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From the bottom in March 2020, the S&P 500 is now up more than 96 per cent, including dividends. The MSCI world index is up 87 per cent and the Scandinavian markets are not far behind. This year alone, a number of stock market benchmarks are up around 15 per cent, with Stockholm a sweet exception at more than 20 per cent.

Similarly, global high-yield spreads have tightened by some 60 to 80 basis points this year. Measured from the very top in March 2020, they are down by up to 780 basis points (US high yield)! I may be stating the obvious if I point out that this is beyond comparison. It certainly underscores the risk-on attitude that we have been seeing.

And the pandemic is still with us.

As I have commented before, expansionary monetary and fiscal policies and pent-up consumer demand combine to make this a buoyant year in the global economy. The upturn is certainly no mystery. On the other hand, I'd be surprised if you did not ask yourself how long this could last.

I dare say that's the very nature of the stock market. Which is a much easier prediction than trying to time the market.


A lot of analysts and commentators certainly do – and have done for quite a while. During the entire upturn, there has been no lack of predictions that we would soon see a stock market correction, meaning a decline of more than 10 per cent. Using Google Trends and looking past the conspicuous spikes in 2018 and 2020, it seems that the search term stock market correction has in fact grown in popularity over the past five years. To some extent, it may be self-perpetuating, with a number of warnings triggering further search for similar analyses.

Of course, they may very well be right. A stock market correction some time during the next half year is not that unlikely. In fact, it never is. Corrections occur with, alas, unpredictable intervals.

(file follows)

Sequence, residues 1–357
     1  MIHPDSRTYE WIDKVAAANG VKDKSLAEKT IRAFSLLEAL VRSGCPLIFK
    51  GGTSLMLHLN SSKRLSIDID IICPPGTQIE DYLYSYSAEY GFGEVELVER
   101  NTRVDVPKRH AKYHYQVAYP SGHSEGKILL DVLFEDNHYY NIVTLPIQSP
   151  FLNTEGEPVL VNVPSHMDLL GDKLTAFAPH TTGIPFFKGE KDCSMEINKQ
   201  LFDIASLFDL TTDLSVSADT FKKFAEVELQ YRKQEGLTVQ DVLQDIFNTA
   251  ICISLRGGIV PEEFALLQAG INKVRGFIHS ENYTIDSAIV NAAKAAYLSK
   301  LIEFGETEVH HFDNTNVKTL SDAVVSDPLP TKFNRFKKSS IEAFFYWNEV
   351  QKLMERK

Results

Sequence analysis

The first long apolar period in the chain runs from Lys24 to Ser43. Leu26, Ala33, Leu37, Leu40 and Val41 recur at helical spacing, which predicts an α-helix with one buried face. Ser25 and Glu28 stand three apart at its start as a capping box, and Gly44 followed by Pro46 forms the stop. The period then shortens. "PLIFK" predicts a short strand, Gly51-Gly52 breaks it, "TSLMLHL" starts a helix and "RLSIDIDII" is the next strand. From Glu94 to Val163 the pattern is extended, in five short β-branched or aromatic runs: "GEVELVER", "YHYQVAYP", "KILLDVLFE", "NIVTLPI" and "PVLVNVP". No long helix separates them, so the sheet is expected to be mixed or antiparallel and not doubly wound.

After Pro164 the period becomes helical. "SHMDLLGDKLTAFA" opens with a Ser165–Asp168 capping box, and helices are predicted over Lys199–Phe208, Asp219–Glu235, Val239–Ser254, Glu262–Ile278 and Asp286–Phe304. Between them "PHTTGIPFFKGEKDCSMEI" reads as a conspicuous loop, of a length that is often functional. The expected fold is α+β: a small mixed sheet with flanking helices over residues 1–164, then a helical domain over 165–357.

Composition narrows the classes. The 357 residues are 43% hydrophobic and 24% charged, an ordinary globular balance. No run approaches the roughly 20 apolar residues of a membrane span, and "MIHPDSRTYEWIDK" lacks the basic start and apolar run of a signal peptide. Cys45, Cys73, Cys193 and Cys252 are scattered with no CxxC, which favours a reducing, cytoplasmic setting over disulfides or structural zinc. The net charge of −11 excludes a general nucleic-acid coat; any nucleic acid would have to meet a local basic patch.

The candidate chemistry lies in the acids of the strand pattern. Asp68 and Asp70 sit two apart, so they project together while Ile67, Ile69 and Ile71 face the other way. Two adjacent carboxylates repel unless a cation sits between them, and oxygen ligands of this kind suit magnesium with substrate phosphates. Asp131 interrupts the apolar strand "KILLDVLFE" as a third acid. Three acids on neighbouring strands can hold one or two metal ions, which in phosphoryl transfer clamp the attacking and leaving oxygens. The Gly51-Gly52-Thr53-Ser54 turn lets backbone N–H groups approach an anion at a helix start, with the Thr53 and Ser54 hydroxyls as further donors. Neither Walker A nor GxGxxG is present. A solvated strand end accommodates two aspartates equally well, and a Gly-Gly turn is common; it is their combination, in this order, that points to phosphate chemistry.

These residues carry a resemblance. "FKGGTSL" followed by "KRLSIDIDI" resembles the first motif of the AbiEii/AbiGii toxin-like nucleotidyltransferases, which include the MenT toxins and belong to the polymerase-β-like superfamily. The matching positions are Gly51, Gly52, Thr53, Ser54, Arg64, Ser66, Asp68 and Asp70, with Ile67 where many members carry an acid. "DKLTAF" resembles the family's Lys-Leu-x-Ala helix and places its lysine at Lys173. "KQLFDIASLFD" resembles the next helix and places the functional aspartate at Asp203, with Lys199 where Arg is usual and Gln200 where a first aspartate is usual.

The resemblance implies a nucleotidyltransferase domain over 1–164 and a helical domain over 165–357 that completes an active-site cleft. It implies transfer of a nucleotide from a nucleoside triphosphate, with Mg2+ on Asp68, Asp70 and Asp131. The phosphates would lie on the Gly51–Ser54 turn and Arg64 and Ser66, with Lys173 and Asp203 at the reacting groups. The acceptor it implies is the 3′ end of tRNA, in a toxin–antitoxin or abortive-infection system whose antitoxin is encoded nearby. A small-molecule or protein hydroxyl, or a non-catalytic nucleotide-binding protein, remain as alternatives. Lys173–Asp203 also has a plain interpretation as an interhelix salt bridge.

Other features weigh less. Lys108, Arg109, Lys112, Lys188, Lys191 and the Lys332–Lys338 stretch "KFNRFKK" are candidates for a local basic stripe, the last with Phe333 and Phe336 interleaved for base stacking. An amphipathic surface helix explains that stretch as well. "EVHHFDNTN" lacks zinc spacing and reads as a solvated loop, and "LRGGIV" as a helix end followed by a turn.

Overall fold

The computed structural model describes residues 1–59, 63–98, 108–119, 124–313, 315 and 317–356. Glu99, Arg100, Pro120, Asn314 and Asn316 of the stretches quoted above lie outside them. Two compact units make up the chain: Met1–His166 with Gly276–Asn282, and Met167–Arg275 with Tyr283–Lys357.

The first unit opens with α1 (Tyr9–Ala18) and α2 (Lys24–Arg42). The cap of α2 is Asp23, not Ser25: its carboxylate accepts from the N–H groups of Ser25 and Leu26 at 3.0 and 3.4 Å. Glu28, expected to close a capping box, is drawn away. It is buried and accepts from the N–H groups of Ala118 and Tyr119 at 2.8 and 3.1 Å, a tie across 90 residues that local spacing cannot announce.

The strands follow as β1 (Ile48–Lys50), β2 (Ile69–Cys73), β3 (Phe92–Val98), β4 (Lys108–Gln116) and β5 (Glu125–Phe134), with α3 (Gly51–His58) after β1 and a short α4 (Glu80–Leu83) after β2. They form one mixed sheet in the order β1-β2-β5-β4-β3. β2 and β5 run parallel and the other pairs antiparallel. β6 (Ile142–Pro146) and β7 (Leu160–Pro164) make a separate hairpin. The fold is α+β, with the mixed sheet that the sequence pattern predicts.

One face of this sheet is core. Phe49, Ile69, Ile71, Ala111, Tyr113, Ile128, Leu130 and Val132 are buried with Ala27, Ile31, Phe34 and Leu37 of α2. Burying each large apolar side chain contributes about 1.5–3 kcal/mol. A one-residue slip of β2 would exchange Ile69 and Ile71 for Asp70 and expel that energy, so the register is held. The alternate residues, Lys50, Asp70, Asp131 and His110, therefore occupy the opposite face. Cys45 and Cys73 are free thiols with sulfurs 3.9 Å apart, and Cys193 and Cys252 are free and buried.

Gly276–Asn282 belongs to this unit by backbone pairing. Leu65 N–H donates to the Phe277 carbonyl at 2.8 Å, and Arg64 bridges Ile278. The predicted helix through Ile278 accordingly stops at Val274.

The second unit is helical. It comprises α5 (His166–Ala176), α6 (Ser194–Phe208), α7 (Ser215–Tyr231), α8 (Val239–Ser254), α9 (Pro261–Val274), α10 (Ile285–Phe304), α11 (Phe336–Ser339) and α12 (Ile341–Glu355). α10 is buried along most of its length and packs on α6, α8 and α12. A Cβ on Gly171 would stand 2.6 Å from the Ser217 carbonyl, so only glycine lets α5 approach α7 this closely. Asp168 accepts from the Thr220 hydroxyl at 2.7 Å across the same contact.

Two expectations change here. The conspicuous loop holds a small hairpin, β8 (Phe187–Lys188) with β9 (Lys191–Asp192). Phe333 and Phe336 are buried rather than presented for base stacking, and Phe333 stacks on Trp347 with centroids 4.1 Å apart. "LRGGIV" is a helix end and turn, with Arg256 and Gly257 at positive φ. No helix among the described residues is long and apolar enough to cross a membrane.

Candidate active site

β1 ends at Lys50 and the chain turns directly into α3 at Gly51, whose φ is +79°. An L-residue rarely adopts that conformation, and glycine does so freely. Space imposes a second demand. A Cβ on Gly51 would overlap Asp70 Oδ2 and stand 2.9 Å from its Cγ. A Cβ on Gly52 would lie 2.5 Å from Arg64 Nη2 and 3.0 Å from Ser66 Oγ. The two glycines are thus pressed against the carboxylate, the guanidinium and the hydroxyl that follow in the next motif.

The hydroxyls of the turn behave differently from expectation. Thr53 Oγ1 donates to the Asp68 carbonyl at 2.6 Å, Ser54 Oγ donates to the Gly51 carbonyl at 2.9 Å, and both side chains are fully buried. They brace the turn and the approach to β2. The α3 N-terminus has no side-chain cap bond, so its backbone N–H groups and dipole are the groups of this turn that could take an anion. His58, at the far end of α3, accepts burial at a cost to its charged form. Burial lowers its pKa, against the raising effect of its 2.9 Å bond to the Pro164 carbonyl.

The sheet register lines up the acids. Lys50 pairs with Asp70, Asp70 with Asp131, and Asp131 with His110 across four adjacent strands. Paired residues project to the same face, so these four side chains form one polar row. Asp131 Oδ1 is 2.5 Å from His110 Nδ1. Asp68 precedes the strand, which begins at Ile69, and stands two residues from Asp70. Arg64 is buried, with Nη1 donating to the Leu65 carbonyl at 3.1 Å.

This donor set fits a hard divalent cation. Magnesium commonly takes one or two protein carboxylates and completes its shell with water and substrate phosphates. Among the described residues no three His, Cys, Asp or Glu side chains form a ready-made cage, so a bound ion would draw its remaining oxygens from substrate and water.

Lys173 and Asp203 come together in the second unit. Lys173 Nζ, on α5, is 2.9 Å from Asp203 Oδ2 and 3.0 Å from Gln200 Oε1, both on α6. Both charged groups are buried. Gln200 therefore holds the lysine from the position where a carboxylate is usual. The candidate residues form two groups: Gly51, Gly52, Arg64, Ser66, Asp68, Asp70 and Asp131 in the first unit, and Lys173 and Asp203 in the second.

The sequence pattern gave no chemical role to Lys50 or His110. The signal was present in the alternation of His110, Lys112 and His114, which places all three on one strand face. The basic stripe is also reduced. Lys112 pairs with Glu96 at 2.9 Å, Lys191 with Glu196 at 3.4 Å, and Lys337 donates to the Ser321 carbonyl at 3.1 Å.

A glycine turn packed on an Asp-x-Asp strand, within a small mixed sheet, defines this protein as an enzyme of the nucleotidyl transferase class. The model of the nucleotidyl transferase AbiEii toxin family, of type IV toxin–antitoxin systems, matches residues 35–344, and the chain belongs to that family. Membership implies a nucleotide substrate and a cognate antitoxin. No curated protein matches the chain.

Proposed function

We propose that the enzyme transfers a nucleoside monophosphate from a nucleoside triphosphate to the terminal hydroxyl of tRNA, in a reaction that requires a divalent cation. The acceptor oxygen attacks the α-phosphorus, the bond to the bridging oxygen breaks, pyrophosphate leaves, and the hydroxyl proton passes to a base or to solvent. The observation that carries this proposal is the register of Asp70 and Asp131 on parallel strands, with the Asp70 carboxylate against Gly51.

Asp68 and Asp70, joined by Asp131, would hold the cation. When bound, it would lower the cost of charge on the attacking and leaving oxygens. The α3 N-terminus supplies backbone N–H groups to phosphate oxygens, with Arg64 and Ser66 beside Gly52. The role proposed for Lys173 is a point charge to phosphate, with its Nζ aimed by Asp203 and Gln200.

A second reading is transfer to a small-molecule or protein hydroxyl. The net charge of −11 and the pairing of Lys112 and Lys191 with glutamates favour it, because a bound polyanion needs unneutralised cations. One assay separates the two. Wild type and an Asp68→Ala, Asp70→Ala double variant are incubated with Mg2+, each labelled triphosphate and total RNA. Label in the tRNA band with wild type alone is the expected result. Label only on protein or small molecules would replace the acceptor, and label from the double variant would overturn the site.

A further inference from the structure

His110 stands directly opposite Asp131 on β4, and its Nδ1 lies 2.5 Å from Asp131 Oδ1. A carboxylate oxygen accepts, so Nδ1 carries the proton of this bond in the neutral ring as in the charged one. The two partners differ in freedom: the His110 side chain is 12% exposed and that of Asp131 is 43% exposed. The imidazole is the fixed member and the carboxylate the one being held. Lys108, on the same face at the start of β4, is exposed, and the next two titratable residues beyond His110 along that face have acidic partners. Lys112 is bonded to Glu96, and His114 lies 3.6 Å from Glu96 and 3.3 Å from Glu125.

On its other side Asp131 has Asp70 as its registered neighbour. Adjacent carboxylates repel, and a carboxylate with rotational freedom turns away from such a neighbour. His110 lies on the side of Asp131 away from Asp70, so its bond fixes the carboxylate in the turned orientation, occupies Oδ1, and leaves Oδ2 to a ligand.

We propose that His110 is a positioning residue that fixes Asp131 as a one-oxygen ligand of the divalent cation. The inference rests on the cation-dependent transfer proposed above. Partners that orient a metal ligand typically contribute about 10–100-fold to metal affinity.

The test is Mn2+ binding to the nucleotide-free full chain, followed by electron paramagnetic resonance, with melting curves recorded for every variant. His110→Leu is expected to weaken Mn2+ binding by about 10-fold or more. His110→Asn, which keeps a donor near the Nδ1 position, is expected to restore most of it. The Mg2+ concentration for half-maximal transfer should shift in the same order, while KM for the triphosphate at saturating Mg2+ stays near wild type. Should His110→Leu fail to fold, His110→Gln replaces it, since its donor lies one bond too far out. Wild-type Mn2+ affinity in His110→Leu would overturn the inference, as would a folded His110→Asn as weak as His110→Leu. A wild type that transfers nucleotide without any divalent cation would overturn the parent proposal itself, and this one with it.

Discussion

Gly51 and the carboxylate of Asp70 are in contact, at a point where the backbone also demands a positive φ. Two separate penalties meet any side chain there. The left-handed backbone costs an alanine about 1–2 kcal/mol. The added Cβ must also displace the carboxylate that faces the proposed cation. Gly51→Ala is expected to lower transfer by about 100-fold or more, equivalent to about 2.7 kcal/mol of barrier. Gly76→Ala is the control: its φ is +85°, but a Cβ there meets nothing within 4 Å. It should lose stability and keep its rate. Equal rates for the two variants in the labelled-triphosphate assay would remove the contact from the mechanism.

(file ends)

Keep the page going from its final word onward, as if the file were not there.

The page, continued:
Do note, though, where that would take us. If, say, we get a stock market correction in the course of the next six months, you are certain to read about analysts and strategists that got it right, in the process perhaps transforming, retrospectively, "risk of correction" to "prediction of correction".

Unless the fall exceeds some 13-14 per cent, however, you will still be better off for having stayed the course beyond the last New Year's Eve. And, unless there is a really tough crash, you'll be far better off for having been invested over the past year.

So ... the correction warnings may be correct to a t. It's just that they will have been of very limited financial value, possibly making some investors losing out on the far bigger appreciation preceding the correction or crash, for that matter, meaning a fall of more than 20 per cent.

Ain't that just the way that stocks go down, then – falling by a lot less than they have risen? I dare say that's the very nature of the stock market. Which is a much easier prediction than trying to time the market.



Historical returns are no guarantee for future returns. Future returns will depend, inter alia, on, market developments, the portfolio manager's skill, the fund's risk profile, as well as fees for subscription, management and redemption. Returns may become negative as a result of negative price developments. This is marketing communication.

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